At a time when it's popular to believe men and women come from different planets, the husband and wife psychology team of Judith Sherven and James Sniechowski takes a far different approach in Be Loved for Who You Really Are
. Using case histories, examples, and exercises from their own marriage and 14 years as relationship trainers, the authors suggest that individual and sex differences are not the source of relationship problems. Instead, they assert that true intimacy can be found in mapping and acknowledging differences as relationships ripen with time. You can't hurry love, say Shervan and Sniechowski, who counsel couples to understand four predictable passages to lasting love. These passages include "A glimpse of what is possible," "The clash of differences," "The magic of differences," and "The grace of deep intimacy." In each stage, couples are discouraged from hiding their differences or manipulating their partner to change, and rather are persuaded to encounter each other in genuine, unguarded ways. The book would have been strengthened with less New Age vocabulary and more examples from the authors' marriage, but overall, this is a wise and intriguing guide to creating a lasting love. --Barbara Mackoff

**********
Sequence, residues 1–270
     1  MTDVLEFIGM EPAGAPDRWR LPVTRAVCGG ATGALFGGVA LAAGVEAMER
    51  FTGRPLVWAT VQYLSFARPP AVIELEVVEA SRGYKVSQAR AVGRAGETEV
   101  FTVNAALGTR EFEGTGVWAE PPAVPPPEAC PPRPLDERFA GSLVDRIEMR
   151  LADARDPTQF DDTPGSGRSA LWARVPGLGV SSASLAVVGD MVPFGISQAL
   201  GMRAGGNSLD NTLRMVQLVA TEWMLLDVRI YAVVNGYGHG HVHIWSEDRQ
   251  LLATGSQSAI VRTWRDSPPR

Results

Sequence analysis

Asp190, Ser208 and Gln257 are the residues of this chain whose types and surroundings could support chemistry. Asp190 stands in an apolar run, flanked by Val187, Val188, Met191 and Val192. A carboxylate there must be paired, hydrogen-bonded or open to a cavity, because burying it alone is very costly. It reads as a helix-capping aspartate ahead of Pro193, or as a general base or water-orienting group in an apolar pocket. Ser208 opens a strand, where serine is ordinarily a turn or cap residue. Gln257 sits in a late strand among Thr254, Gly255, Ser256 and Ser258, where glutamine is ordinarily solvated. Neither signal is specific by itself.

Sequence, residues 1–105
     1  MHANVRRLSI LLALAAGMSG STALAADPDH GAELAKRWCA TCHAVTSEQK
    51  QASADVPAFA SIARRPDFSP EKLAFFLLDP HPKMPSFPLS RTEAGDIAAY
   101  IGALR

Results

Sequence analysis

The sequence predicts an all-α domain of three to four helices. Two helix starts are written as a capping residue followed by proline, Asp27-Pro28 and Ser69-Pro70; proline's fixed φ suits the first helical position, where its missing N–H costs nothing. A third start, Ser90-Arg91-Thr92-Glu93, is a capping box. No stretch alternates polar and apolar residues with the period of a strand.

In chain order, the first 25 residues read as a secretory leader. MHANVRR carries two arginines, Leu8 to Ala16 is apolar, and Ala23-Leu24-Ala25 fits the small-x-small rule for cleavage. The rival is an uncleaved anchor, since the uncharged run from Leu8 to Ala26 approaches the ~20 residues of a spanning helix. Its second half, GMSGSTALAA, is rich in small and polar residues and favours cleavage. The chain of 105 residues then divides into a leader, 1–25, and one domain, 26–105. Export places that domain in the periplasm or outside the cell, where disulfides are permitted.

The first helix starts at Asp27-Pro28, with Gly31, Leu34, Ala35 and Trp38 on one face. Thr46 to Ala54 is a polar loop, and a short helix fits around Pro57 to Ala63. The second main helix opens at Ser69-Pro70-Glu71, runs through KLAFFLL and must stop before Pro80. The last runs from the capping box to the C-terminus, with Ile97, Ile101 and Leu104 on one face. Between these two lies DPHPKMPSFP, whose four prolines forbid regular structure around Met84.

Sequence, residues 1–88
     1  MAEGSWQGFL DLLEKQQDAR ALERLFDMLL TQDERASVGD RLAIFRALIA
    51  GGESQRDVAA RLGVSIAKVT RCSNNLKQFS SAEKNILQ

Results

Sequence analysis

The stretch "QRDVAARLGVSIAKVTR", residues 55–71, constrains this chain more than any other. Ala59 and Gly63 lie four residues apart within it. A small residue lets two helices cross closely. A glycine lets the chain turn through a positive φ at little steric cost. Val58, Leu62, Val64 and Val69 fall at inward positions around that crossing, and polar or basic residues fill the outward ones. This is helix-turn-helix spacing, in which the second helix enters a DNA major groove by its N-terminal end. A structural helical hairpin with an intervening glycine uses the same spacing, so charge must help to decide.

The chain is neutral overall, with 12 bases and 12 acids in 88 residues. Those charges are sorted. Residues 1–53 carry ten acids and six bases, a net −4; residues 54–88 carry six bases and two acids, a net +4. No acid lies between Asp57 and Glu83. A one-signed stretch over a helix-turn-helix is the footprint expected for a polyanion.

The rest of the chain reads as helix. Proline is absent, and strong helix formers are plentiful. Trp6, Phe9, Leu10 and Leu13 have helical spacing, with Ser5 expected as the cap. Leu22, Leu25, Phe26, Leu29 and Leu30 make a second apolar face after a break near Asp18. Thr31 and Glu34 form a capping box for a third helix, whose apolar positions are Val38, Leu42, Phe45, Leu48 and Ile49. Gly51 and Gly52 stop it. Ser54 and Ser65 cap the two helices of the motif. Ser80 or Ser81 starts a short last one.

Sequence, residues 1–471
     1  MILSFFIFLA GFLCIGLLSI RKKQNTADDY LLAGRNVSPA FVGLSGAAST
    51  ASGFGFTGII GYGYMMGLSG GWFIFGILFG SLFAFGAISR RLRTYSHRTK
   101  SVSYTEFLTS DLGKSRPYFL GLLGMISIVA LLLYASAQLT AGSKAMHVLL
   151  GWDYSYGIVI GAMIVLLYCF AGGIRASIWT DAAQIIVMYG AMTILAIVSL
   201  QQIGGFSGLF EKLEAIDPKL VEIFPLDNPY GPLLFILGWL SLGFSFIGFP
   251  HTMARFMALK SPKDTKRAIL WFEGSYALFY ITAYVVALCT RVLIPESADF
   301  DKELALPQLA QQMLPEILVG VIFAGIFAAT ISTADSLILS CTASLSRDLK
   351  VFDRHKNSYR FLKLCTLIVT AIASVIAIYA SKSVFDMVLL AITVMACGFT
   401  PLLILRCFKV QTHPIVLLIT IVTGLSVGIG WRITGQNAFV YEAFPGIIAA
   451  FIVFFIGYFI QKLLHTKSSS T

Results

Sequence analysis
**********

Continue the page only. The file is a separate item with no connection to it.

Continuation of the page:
From Library Journal
A husband-and-wife psychology team, the authors are well known for their show on Wisdom Radio, appearances on TV talk shows, magazine columns, web site participation, and previous book, The New Intimacy. Here they present a blueprint for what they call "the arc of love." They detail the four passages through which real, mature love between two people progresses, highlighting how the differences between men and women can enhance rather than destroy a relationship. Anecdotes from their own 15-year marriage and from the lives of people they have counseled are used to illustrate their points. Replete with suggestions for further reflection or activities, the narrative tends to have a spiritual, New Age flavor. Love is often personified, and a higher power or spirit is referenced throughout, though no particular doctrine is espoused. The section describing the importance of conflict and its place in a relationship includes a warning about abuse. Given the proposed national media campaign, which will include appearances on Oprah, The View, and other popular media outlets, this book should generate demand. For public libraries' self-help collections. Margaret Cardwell, Christian Brothers Univ., Memphis
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